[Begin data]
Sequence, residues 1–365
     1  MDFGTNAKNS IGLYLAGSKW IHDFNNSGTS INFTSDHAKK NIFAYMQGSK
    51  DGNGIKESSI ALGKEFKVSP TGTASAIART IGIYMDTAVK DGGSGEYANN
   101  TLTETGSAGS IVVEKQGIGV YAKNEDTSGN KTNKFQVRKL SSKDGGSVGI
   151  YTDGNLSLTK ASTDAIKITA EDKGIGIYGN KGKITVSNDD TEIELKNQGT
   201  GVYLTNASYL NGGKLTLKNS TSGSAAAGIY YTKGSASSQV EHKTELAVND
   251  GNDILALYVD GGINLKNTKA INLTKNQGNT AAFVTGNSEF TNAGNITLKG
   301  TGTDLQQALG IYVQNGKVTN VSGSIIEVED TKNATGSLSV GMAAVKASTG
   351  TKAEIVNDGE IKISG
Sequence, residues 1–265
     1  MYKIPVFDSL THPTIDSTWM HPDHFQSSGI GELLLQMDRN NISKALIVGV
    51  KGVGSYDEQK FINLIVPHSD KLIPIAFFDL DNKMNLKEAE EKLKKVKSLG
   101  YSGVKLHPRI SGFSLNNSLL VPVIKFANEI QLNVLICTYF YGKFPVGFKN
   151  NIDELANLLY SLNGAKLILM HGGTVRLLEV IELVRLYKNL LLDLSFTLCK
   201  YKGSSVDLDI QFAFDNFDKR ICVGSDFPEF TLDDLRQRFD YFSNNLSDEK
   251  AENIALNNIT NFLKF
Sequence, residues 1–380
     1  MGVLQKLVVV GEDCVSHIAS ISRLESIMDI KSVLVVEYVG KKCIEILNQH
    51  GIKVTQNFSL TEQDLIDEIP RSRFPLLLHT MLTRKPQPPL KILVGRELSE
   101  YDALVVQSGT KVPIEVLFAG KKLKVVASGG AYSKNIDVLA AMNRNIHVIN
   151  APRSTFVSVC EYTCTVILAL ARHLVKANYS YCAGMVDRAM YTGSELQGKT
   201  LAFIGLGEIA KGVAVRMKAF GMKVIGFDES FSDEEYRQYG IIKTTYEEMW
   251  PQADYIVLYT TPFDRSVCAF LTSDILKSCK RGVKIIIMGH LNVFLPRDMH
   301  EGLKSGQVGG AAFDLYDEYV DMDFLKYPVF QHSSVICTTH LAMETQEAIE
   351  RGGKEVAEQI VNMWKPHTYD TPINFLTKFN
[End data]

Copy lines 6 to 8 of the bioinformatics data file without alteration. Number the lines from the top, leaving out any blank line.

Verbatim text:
   201  GVYLTNASYL NGGKLTLKNS TSGSAAAGIY YTKGSASSQV EHKTELAVND
   251  GNDILALYVD GGINLKNTKA INLTKNQGNT AAFVTGNSEF TNAGNITLKG
   301  TGTDLQQALG IYVQNGKVTN VSGSIIEVED TKNATGSLSV GMAAVKASTG